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George Steinmetz stands in front of a photo he took during a presentation at Lincoln High School.

Students learn worldwide impact of climate change from Pulitzer Crisis reporting staff

09/14/18

The auditorium sat in hushed silence as aerial images of smoggy China, crowded Bangladesh and charred Santa Rosa, California, flashed across a screen on stage.

Students at Lincoln High School absorbed photos of the emerald green waters, the clogged streets and ports, the neighborhoods leveled by wildfires, the chemicals pumping from tanks into the atmosphere.

At the end of the presentation by Pulitzer Crisis reporting staff and The New York Times Magazine, student Jackie quickly asked: “How do you think we can help?”

Such a question is exactly why Pulitzer Center grantees Nathaniel Rich and George Steinmetz came to Lincoln on Sept. 12, 2018, to discuss their publication "Losing Earth," the epic climate change story that took over an entire issue of The New York Times Magazine.

Rich's reporting in "Losing Earth" documents the reasoning behind current climate change narrative and examines why climate change has been so difficult to overcome. Aerial photography by Steinmetz, taken over the past year, reveals some of the damage already done due to climate change, and what is at stake.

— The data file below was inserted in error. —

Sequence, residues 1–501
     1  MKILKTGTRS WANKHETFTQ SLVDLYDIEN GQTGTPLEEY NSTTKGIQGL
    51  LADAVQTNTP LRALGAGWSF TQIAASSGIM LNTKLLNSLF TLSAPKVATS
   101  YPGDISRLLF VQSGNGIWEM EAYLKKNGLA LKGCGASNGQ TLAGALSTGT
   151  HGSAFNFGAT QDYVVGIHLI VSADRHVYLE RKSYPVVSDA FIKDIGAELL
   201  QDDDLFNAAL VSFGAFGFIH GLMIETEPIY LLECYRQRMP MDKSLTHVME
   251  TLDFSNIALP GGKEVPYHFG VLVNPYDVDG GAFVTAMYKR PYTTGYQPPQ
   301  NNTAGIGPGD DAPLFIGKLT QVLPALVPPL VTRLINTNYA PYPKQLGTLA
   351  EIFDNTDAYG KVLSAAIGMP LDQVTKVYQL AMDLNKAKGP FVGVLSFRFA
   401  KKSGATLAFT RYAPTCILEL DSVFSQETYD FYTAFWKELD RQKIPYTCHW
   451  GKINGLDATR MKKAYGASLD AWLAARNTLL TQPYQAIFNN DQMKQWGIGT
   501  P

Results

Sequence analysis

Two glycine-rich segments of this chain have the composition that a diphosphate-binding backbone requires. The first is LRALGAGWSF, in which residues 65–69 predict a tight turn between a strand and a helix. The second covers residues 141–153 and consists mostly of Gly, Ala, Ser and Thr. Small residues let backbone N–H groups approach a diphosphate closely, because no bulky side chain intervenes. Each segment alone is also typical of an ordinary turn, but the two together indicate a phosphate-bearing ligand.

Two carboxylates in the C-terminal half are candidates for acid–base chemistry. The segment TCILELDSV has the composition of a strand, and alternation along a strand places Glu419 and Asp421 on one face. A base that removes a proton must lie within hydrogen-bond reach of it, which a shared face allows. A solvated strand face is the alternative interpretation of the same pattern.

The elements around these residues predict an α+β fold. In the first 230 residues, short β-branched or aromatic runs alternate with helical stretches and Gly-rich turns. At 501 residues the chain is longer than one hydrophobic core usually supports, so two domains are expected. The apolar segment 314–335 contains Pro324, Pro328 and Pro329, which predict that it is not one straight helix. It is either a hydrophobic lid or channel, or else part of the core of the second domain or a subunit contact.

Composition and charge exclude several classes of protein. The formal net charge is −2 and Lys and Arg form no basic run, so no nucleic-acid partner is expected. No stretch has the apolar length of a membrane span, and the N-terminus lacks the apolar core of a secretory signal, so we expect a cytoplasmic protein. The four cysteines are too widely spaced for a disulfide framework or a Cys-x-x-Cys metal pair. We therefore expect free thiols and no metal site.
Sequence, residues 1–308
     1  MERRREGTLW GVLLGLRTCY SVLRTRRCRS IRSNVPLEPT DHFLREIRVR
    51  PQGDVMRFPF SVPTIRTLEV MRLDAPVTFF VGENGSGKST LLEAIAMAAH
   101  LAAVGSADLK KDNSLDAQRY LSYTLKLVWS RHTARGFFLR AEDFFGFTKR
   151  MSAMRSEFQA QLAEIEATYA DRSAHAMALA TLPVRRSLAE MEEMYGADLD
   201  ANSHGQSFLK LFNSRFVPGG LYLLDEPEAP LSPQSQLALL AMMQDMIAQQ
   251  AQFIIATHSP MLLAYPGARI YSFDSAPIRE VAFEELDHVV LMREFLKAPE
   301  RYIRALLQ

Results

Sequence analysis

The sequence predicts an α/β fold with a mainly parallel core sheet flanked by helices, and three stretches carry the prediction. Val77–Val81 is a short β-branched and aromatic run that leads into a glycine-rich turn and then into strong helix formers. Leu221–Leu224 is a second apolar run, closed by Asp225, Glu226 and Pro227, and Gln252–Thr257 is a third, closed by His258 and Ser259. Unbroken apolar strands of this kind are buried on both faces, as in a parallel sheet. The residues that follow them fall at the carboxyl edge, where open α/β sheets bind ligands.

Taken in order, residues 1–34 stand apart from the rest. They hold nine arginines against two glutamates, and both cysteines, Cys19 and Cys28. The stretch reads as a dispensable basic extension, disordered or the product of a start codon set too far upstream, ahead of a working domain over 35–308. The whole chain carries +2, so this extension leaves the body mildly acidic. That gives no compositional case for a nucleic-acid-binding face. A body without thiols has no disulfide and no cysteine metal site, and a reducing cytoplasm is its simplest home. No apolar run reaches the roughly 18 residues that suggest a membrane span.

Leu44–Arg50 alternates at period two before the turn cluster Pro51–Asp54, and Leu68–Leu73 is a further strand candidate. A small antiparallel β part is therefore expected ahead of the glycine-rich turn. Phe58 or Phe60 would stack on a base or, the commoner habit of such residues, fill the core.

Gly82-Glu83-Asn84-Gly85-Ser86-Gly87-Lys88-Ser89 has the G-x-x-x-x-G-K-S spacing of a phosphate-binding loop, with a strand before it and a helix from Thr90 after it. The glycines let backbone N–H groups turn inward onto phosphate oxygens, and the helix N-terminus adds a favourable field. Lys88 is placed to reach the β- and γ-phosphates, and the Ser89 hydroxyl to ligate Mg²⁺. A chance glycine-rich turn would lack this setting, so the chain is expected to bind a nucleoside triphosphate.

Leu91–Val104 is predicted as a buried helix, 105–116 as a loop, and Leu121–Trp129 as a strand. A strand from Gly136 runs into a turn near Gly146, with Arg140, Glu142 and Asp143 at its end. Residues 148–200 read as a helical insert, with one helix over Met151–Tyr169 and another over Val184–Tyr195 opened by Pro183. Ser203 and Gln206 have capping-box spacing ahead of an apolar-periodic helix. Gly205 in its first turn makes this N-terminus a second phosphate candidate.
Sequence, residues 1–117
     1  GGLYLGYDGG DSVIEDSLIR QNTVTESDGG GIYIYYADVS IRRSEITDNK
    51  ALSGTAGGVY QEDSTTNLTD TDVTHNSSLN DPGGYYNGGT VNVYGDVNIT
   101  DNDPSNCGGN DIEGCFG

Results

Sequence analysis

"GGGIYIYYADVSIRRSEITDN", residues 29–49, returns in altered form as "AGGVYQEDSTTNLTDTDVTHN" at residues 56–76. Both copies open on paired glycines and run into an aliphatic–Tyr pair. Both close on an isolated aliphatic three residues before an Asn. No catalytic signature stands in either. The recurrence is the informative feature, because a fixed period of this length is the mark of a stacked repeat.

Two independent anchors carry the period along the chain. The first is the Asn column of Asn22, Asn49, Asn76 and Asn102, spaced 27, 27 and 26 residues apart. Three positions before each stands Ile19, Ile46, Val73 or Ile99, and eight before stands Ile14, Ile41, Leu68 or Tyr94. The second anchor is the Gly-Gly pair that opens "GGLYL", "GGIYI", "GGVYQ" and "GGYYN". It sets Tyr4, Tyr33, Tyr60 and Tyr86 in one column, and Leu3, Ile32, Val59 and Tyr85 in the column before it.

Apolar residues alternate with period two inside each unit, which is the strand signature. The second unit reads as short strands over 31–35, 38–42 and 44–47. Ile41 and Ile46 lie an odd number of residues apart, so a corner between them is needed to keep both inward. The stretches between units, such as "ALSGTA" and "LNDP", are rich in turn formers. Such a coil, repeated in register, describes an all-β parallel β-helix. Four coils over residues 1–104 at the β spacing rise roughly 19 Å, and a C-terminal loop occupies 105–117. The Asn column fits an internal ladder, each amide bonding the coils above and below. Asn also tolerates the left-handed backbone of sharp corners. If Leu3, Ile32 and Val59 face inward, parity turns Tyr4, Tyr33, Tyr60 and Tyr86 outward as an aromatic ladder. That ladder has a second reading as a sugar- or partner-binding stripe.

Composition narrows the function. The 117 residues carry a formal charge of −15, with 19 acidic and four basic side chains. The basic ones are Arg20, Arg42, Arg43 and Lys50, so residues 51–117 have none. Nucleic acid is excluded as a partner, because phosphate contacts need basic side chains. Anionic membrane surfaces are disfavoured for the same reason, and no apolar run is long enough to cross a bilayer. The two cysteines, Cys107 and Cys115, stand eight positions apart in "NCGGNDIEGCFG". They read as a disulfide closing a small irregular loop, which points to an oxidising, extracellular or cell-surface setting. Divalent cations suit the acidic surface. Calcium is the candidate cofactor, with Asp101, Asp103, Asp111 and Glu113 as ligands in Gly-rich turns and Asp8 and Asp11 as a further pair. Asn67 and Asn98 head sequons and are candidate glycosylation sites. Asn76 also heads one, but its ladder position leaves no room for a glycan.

“What we’re seeing is a cumulative effect of everyone’s actions,” Steinmetz said in response to student Jackie’s question. “Think globally, act locally. Minimize your impact on the environment.”

The event was hosted by the school’s Green Academy, which is is part of SFUSD College & Career Pathways and teaches students to discover and implement new solutions to environmental issues through physics, engineering, design and green-clean technologies.

Sofia, a senior at Lincoln who’s in the Green Academy, agreed that making improvements to one’s own contribution to the environment is equally important to understanding other impacts.

“Here in the city we’re fighting against straws and littering, for example, but there’s also that bigger picture where climate change is affecting small communities who are separated from everyone,” Sofia explained.

Another student, Zev, who is enrolled in Lincoln’s Teaching Academy, is already thinking about the responsibility that will fall on him and his peers throughout their lives as they enter adulthood.

“We are the ones who are inheriting this planet, and we are the ones who are going to need to make the change,” Zev commented.

Green Academy teacher Valerie Ziegler said, “Educating young people about the role politicians play in our efforts to combat climate change is essential to motivating young people to get to the booth on Election Day. The photography in ‘Losing Earth’ provides a unique way to reach students and tell them the story of climate change in a different format.”

To learn more about “Losing Earth” and how you can help, visit these links:

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